German Pow Exhibit
During World War II, approximately 425,000 Axis soldiers were interned in over 500 POW camps in the U.S. One of the largest camps, with a capacity of over 6,000 POWs, was located at Aliceville, Alabama. The camp, which encompassed over 800 acres, employed more than 1,000 American military and civilian personnel.
On the afternoon of Wednesday, June 2, 1943, the first train carrying POWs who had been captured in North Africa arrived in Aliceville. Many of the prisoners were from Field Marshall Erwin Rommel’s elite Africakorp. Later, prisoners captured in Europe (primarily in France) arrived in the camp.
Today, little remains of the camp. There is a historic marker near what was once the main entrance to the camp. A large stone chimney that was part of the Non-Commissioned Officer's Club, forms the centerpiece of a park dedicated to the memory of Sue Stabler, the person who did the most to make the museum a reality. There are also a few original buildings, some concrete foundations from other structures, and some roadways.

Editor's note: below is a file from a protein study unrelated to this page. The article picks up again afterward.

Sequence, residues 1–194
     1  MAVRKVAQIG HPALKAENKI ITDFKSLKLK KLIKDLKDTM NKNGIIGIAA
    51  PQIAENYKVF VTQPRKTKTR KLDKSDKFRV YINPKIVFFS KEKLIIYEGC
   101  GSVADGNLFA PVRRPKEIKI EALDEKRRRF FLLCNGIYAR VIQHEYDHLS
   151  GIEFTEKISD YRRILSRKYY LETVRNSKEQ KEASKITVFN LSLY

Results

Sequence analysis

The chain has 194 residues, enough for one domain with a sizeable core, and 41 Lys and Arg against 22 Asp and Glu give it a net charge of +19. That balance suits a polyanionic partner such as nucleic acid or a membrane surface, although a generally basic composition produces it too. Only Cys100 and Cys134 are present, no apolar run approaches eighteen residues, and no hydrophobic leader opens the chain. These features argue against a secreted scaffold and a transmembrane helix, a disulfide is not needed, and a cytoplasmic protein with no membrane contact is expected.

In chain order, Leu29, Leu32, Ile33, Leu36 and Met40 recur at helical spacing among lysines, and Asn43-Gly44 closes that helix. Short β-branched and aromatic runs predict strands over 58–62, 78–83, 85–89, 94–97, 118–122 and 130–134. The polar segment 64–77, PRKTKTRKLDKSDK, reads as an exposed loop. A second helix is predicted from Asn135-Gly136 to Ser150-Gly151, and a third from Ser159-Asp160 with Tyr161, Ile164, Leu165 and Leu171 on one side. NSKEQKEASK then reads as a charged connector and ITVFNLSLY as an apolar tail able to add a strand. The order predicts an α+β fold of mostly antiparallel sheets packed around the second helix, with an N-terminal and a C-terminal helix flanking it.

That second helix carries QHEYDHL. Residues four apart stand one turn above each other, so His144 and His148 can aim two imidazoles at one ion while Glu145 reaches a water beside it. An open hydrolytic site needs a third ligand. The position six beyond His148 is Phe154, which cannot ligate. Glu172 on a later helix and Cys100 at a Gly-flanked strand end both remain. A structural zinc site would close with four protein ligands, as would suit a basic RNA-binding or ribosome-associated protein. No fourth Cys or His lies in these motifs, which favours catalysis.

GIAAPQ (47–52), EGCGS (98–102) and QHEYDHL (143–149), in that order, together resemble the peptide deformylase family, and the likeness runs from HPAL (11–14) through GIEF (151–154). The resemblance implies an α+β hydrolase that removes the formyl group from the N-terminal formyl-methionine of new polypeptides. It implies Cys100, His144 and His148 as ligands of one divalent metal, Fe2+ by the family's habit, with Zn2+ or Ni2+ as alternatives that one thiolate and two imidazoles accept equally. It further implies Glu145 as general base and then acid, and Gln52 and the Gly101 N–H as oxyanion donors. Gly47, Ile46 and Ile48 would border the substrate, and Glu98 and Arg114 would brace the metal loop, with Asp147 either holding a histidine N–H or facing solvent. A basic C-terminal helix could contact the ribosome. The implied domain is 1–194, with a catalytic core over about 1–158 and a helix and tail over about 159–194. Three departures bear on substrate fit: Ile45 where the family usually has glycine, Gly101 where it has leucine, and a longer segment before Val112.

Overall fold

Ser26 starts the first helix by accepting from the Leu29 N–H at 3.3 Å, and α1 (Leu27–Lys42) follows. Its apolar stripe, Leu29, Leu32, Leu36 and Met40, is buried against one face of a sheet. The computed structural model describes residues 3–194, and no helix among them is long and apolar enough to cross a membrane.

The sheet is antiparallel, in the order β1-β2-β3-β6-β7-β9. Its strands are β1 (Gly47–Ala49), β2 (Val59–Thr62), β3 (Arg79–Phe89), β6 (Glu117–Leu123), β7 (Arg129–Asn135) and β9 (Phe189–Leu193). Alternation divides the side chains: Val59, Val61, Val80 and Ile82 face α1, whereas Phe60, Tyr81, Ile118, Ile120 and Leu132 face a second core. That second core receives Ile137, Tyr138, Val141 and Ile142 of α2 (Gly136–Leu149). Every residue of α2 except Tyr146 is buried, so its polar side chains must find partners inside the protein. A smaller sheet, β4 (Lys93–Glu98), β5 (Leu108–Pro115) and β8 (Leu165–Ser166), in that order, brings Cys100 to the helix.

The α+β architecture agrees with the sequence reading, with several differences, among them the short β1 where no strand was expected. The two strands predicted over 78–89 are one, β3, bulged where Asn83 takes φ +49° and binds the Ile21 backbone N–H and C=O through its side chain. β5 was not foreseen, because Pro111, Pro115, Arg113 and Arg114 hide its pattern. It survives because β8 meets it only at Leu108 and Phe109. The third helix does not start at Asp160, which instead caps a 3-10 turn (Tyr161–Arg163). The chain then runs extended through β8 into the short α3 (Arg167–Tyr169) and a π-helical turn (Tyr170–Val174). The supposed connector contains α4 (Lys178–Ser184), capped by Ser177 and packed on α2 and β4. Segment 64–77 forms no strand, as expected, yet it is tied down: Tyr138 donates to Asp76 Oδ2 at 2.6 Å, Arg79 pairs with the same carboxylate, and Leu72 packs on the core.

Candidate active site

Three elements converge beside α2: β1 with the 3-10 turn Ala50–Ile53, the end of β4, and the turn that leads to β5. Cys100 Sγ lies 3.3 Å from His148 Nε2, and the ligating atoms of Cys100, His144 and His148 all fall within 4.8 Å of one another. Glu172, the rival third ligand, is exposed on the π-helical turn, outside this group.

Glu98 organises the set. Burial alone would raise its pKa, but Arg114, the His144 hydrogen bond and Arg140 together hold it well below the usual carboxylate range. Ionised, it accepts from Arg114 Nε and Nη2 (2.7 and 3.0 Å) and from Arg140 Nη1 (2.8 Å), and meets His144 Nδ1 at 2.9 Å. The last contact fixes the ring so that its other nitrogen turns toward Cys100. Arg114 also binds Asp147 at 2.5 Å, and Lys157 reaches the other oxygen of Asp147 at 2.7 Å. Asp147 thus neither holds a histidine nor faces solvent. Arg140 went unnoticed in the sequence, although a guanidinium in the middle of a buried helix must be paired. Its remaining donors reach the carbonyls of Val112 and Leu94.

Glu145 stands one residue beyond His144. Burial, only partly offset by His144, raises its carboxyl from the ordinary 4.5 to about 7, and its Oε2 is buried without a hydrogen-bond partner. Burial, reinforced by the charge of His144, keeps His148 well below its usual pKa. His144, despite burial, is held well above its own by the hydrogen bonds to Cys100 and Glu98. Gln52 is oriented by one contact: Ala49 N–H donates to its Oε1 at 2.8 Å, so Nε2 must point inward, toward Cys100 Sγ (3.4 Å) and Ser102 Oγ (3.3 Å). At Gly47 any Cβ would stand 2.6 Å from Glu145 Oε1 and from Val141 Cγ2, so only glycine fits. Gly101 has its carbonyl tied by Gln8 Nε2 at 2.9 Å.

In the Aliceville Museum' POW Camp Exhibit, visitors from all over the world view artifacts from Camp Aliceville. Through their painting, letters, books, sculpture, wood crafting, pottery, musical instruments and photographs a vivid picture of life at Camp Aliceville is revealed. The collection includes hundreds of items donated to the museum by former POWs, Aliceville residents and others who had connections to the camp. A fourteen-minute documentary video presents interviews with former Camp Aliceville POWs, military police escort guards, and civilian employees.